The truth is, courts – as well as law enforcement agencies – are working with fewer resources than ever before. That means you may even have a better chance of winning – if you have a defense lawyer.

Officials in Florida can’t pinpoint one specific factor that has led to the decline in tickets, though they indicate it may have a great deal to do with the economy. As mentioned before, police are working with fewer resources. That may mean that more of their efforts are focused toward critical crime-fighting assignments.

Other possible reasons may be the fact that there have been a number of sky-high spikes in gas prices, which means there are overall fewer drivers on the road.

And lastly, it could be that there are tougher fines than ever before for traffic violators who are caught in West Palm Beach and Broward counties. Drivers are generally being more careful.

The newspaper reports that in Palm Beach County, police issued nearly 432,000 traffic tickets in 2008. In 2010, they issued about 398,000 – a drop of nearly 8 percent. Then last year, about 370,000 tickets were handed out – another 7 percent decrease from the year before, and about a 15 percent dip from four years earlier.

In Broward County last year, the numbers were up slightly last year – but only after dramatic drops ever year prior to that since 2007. The report indicates that troopers and sheriff’s deputies there handed out about 482,000 tickets in 2011 – which was up about 1.5 percent from the previous year, when there were about 475,000 tickets – but still down about 15 percent from 2007, when there were roughly 565,000 tickets issued.

We’re seeing the same sort of trend across Florida. Five years ago, there were about 5.2 million traffic tickets issued to Florida motorists. Compare that to 2011, when there were about 4.3 million.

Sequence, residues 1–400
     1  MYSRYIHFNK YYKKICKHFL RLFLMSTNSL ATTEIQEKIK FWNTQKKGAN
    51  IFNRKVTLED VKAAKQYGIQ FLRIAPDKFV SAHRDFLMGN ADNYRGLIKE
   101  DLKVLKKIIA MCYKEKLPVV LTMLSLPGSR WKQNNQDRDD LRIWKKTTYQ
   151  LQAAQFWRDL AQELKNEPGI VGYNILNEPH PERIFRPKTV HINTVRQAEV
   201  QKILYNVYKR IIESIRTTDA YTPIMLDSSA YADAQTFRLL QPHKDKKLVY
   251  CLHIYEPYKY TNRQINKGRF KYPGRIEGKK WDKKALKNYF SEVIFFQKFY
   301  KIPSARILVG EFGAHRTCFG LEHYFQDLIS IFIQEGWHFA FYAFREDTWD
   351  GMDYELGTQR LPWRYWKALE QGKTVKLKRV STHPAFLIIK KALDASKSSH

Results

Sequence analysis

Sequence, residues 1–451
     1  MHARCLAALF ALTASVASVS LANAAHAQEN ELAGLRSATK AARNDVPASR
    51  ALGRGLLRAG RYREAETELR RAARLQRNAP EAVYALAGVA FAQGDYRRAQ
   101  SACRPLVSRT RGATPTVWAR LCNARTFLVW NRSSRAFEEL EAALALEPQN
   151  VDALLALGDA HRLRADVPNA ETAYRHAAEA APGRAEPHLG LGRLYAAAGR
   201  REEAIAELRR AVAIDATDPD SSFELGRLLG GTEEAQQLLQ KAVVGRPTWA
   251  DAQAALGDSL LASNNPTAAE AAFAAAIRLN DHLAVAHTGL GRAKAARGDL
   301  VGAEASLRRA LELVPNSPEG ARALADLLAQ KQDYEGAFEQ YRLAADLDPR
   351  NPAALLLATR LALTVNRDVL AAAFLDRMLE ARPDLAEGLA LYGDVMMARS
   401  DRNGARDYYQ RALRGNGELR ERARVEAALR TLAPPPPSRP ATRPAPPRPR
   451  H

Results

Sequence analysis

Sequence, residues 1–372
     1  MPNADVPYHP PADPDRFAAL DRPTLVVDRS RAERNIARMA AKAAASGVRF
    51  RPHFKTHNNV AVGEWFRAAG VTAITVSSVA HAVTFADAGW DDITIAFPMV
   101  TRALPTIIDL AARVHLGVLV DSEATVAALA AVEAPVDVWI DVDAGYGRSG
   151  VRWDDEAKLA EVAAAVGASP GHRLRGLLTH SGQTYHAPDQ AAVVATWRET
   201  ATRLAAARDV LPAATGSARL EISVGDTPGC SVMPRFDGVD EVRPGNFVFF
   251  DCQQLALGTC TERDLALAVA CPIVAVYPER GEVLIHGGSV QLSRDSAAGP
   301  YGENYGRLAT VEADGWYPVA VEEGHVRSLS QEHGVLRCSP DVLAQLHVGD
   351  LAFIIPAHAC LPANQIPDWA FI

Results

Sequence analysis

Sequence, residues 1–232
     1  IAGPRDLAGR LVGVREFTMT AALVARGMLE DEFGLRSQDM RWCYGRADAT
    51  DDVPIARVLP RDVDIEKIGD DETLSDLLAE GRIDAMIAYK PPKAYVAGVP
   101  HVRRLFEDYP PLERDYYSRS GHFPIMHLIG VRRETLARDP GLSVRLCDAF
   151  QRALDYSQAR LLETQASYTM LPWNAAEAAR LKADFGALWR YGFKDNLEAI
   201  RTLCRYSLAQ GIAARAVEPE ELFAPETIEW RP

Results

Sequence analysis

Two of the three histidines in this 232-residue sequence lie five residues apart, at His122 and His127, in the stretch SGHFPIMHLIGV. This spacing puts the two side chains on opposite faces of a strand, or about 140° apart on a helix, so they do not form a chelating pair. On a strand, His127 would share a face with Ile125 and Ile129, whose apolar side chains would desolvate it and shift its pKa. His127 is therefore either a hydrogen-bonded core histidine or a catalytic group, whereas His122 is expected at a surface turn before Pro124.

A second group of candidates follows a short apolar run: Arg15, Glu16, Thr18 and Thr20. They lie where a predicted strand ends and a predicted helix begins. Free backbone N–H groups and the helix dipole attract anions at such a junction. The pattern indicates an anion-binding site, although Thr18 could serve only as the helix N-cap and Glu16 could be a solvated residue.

Unsurprisingly, traffic crashes are also down. Less money in people’s pockets means they’re less likely to be on the road on outings to shop, eat out or enjoy other entertainment.

But perhaps another reason why the citations are fewer is because officers know that more people are fighting them in court.

This was the theory posed by our own Traffic Defense Attorney Doug Leifert, who was quoted in the article as saying that the increases in the amount of traffic fines mean that people are less willing to simply pay it regardless of whether they were in the right, as they might have been inclined to do before the recession.

“They’re steep and they’re due in 30 days,” Leifert was quoted as saying. “…It may be the total number of citations is down, but the number of people going to court is up. More people are willing to go to court because of the cost.”

Points on your driver’s license can also lead to license suspension and skyrocketing insurance premiums — two more reasons to defend yourself when facing traffic charges in South Florida.
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Our Palm Beach County traffic ticket defense attorneys know that red light cameras have raised concerns regarding fairness and legality. trafficlight.jpg

For those who have ever required a Palm Beach County traffic ticket defense, you’re probably aware that these little devices snap photos of vehicles who reportedly run red lights. At one point last year, there were so many legal problems with the devices – problems that were costing taxpayers more in legal fees than they were bringing in with citations – that lawmakers had even for a time debated taking them down.